This is the fact at hand: four days ago, a 79-year-old man was robbed on the Toronto subway, his wallet stolen by two attackers - and this on a car that was hardly empty, and like all Toronto subway cars equipped with a passenger assistance alarm. Yusuf Hizel couldn't press it, though he tried, because he was a bit busy being mugged at the time. Neither did anyone else in the car, though - and that's the rub. Suburbanites have picked up the story as yet another bludgeon to bring down on Toronto's head, while Torontonians wring their hands about whether this means the end of Good Samaritanism and lolbertarians in newspaper comment threads rail about how it's all because Canadians aren't allowed to carry concealed weapons. Everyone, it seems, has an angle in this story.
What everyone seems to agree on is that the other passengers' inaction was shameful. Personally, I'm not sure what went down - though I've heard that the car surveillance footage will be released today, the reports I've seen suggest that it was fast - but I can understand it. It's something that has roots deep within the human psyche. The bystander effect, in particular, is particularly vicious and tends to crop up in situations like this: perversely, the more people who are in a position to help, the less likely it is that any of them actually will. Whether it's because people subconsciously assume someone else better suited to help will do so, or because they don't want to stand out from the crowd, or so on--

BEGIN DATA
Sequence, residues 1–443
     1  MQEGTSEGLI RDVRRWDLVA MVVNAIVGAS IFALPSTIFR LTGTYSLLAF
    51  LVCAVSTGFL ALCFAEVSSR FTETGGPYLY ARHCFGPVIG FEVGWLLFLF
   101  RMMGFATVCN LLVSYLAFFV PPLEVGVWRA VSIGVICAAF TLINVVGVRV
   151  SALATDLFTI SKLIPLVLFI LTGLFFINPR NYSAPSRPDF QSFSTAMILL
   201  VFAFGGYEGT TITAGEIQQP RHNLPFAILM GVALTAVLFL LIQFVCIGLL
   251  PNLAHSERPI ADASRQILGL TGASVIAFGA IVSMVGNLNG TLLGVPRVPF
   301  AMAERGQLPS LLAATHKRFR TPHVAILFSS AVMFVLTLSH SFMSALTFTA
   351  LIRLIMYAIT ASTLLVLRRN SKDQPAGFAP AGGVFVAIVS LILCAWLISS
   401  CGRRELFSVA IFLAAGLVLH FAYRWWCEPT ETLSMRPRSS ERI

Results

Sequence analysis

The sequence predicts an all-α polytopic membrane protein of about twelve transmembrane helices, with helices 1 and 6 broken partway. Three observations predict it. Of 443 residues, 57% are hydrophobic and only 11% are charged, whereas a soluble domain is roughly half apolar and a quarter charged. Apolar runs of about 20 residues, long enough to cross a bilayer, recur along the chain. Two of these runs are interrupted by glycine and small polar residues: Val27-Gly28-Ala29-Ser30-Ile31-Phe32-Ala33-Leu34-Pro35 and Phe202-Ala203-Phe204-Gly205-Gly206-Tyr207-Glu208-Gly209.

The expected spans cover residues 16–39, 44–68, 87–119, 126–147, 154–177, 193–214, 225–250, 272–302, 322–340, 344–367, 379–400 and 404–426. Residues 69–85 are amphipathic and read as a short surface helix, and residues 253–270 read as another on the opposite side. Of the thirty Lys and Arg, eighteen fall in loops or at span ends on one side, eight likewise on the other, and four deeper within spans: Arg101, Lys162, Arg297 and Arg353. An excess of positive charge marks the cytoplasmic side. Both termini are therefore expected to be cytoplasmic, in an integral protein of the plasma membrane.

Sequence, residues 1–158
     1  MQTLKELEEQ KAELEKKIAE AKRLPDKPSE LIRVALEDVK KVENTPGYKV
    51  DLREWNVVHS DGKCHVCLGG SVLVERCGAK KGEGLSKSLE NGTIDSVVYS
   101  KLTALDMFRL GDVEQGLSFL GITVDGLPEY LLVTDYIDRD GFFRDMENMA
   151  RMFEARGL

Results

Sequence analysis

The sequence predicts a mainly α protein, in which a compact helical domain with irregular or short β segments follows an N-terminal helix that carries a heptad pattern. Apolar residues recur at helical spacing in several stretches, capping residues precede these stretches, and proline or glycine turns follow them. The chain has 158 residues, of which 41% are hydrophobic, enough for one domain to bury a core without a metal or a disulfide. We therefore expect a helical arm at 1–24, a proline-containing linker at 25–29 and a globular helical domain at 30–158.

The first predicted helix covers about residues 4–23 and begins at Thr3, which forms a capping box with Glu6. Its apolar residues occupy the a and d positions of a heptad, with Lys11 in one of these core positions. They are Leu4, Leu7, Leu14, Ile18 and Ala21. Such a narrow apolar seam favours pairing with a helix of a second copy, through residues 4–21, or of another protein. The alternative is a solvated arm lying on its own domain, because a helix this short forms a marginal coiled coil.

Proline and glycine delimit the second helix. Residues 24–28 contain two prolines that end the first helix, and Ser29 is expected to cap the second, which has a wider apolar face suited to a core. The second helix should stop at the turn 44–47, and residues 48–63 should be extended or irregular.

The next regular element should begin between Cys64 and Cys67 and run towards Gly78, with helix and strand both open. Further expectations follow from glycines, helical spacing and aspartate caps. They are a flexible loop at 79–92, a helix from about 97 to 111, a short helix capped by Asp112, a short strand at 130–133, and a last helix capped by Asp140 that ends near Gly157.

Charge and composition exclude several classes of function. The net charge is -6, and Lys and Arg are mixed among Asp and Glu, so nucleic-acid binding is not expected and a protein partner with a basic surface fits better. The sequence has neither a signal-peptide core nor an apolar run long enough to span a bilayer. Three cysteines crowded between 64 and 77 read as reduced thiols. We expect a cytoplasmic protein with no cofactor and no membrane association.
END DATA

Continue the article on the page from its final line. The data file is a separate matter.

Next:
It's difficult to overcome this - even more so if you're unfamiliar with it. In that respect, the news coverage of this incident is a good thing. If people are aware of this issue, if they ever find themselves in the proper situation they may be able to do the right thing. Still, I can understand why those in a position to act, don't - hesitation, fear, an unwillingness to get involved. That doesn't mean I excuse it. For me, the TTC has always been a kind of sanctuary. It's supposed to be safe.
Maybe that's why, when someone assaulted the operator of a streetcar I was on, I at least tried to act. I was too angry to be afraid at first - but as I stood staring at him from across half the length of the streetcar, I buckled. Confrontation can be a frightening thing. I mean, what if he had a knife - or something worse? In the end, all I can really hope for is that since I had him staring and growling right at me for what seemed like forever but was most likely a few seconds, the streetcar surveillance cameras got good video of his face. So I can understand why people might not act.
Nevertheless, if we want the TTC and our city as a whole to continue to be safe, we have to be willing to act, to step forward when necessary. The bystander effect only holds true if no one takes action. One someone, anyone steps up, the spell is broken and people can justify getting involved. We can't allow ourselves to be intimidated.
Safety is in numbers, but it always starts with one.